19-year old Daniel Usman is dead. He was shot dead by gunmen while trying to exercise his civic duty. Daniel is only one of the many victims of the just concluded presidential elections. At the last count, about 37 people have been reported killed and many others, injured as an aftermath of the unrest in different parts of the country during the voting exercise. Even as I write this, there’s tension in Oshodi, a suburb of Lagos, as thugs look to disrupt normal trading activities; it leaves one wondering if we’ll ever get to the point where politics will be practised without rancour.
He had tweeted, “Your boyfriend is an Uber driver”, and to be sure the mockery was not lost on his audience, he posted “laughing in tears emojis” along with his tweet. In his opinion, Uber driving was not a profession to be proud of and a girl whose boyfriend drove an Uber should hide her face in shame.
It’s the zeitgeist of our time: the derision of those we perceive as unimportant or lacking material possessions.
The irresponsible use of prescription drugs to satisfy addiction cravings has created an epidemic, resulting in catastrophic damage to the social and emotional welfare of addicts. With more than 115 people dying every day in the United States, the opioid epidemic is a serious crisis that needs to be dealt with immediately.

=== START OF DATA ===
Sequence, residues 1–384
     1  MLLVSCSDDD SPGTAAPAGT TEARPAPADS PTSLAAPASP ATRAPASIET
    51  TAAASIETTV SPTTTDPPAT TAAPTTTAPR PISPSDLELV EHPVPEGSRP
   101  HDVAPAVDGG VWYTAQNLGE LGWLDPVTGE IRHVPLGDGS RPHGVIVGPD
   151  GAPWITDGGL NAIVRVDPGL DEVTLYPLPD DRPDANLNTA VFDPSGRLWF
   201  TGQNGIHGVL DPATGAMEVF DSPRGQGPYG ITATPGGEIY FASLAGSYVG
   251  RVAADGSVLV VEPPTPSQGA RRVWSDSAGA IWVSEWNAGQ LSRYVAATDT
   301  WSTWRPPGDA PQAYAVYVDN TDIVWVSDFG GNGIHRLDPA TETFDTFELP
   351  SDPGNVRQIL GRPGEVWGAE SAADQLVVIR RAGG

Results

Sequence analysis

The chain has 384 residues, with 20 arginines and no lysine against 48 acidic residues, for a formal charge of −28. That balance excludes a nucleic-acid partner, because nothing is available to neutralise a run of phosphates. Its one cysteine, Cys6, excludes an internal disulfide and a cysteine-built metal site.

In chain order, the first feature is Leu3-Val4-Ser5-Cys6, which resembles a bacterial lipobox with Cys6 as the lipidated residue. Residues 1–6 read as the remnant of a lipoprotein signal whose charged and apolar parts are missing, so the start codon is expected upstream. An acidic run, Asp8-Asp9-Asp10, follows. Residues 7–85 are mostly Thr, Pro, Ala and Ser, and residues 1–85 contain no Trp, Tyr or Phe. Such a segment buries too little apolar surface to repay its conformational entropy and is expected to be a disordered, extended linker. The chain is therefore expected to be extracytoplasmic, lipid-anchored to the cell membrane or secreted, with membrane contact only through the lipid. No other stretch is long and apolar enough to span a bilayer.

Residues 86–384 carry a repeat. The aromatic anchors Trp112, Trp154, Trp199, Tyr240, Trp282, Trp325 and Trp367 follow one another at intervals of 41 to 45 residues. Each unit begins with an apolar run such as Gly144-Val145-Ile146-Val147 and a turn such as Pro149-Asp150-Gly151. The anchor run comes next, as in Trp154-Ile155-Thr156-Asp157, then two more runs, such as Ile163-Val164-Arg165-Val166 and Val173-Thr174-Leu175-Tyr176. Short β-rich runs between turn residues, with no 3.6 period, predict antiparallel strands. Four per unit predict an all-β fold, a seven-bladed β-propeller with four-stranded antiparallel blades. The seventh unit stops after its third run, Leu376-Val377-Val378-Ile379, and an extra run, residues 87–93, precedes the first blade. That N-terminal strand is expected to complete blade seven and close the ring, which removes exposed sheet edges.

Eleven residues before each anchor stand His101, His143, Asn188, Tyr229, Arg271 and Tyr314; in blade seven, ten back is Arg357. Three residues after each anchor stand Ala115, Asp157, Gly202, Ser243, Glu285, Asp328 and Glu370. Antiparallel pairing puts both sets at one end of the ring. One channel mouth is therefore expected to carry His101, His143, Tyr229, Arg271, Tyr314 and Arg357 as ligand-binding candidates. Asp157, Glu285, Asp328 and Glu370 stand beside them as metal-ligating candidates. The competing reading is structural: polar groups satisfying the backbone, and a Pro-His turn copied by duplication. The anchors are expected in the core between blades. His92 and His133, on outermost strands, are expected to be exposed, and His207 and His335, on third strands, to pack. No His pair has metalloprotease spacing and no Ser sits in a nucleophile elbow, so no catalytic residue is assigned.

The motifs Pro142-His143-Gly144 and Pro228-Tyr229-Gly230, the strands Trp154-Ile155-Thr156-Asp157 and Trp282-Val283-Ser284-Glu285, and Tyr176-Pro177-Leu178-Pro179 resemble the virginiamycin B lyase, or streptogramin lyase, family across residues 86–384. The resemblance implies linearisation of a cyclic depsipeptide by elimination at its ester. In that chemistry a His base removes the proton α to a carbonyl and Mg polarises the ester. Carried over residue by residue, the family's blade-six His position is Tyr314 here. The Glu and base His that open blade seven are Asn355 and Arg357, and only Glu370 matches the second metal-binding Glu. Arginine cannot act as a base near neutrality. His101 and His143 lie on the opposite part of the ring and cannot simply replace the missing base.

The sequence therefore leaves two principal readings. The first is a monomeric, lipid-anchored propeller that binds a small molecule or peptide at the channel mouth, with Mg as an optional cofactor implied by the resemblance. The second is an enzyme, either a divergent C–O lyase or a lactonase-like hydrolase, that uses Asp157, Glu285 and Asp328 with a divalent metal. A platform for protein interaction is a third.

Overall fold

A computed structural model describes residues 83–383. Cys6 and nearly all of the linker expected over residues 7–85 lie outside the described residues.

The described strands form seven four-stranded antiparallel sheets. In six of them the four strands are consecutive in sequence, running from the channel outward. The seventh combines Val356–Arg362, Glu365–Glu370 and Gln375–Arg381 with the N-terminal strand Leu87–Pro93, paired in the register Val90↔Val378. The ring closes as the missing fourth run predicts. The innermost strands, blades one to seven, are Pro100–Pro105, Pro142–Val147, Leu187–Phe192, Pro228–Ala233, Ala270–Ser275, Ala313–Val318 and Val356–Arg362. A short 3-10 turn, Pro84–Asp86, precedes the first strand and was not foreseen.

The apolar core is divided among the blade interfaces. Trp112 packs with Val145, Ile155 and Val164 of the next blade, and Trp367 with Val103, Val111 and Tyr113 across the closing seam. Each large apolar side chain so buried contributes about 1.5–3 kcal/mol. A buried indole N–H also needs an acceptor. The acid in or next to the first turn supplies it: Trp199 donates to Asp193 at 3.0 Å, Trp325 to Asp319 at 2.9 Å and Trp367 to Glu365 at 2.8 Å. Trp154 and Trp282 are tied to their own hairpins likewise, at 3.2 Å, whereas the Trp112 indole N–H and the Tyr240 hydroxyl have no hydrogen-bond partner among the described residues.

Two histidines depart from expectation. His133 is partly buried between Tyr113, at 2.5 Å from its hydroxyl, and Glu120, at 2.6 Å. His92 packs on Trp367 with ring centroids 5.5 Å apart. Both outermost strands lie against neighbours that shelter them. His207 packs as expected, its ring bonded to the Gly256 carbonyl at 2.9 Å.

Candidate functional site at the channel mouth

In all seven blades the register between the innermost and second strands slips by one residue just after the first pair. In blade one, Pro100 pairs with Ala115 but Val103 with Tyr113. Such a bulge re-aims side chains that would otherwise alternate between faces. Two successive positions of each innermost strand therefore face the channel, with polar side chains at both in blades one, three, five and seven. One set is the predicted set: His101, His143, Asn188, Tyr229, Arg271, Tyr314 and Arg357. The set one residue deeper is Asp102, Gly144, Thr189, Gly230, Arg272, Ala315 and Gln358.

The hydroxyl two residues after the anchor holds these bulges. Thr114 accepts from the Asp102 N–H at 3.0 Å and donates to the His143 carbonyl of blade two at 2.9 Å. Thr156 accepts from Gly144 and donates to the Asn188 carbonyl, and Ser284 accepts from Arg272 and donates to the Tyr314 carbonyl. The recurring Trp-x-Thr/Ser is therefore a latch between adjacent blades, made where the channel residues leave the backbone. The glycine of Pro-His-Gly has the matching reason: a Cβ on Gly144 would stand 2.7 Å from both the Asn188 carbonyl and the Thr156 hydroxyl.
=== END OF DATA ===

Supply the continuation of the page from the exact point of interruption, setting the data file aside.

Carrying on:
Two divergent personalities.
One for the public…the crowd, the virtual mob who may deride or ostracise you if you do not kowtow to popular opinion.
How can everyone you know align with the two major political parties while you opt to pitch your tent with the third force? So you choose to be a closet cheerleader and chant “Four plus Four!” or “Atikulated!” because you’d sooner jump off a cliff than admit you’re voting an unpopular candidate.